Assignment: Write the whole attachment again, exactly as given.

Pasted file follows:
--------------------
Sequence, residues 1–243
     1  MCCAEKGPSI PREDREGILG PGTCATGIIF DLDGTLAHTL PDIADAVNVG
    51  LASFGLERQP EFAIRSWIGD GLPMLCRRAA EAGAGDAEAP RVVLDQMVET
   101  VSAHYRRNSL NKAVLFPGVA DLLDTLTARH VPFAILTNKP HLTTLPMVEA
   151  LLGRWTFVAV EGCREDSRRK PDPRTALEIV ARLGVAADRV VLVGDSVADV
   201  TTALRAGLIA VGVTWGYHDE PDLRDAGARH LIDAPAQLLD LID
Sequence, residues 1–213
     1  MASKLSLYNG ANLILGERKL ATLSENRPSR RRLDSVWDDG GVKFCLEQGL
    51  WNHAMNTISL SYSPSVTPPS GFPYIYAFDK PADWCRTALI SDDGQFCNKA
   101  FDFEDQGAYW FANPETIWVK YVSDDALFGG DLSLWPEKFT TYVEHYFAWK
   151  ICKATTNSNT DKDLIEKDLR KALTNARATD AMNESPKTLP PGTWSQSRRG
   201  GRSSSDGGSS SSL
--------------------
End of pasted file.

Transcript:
Sequence, residues 1–243
     1  MCCAEKGPSI PREDREGILG PGTCATGIIF DLDGTLAHTL PDIADAVNVG
    51  LASFGLERQP EFAIRSWIGD GLPMLCRRAA EAGAGDAEAP RVVLDQMVET
   101  VSAHYRRNSL NKAVLFPGVA DLLDTLTARH VPFAILTNKP HLTTLPMVEA
   151  LLGRWTFVAV EGCREDSRRK PDPRTALEIV ARLGVAADRV VLVGDSVADV
   201  TTALRAGLIA VGVTWGYHDE PDLRDAGARH LIDAPAQLLD LID
Sequence, residues 1–213
     1  MASKLSLYNG ANLILGERKL ATLSENRPSR RRLDSVWDDG GVKFCLEQGL
    51  WNHAMNTISL SYSPSVTPPS GFPYIYAFDK PADWCRTALI SDDGQFCNKA
   101  FDFEDQGAYW FANPETIWVK YVSDDALFGG DLSLWPEKFT TYVEHYFAWK
   151  ICKATTNSNT DKDLIEKDLR KALTNARATD AMNESPKTLP PGTWSQSRRG
   201  GRSSSDGGSS SSL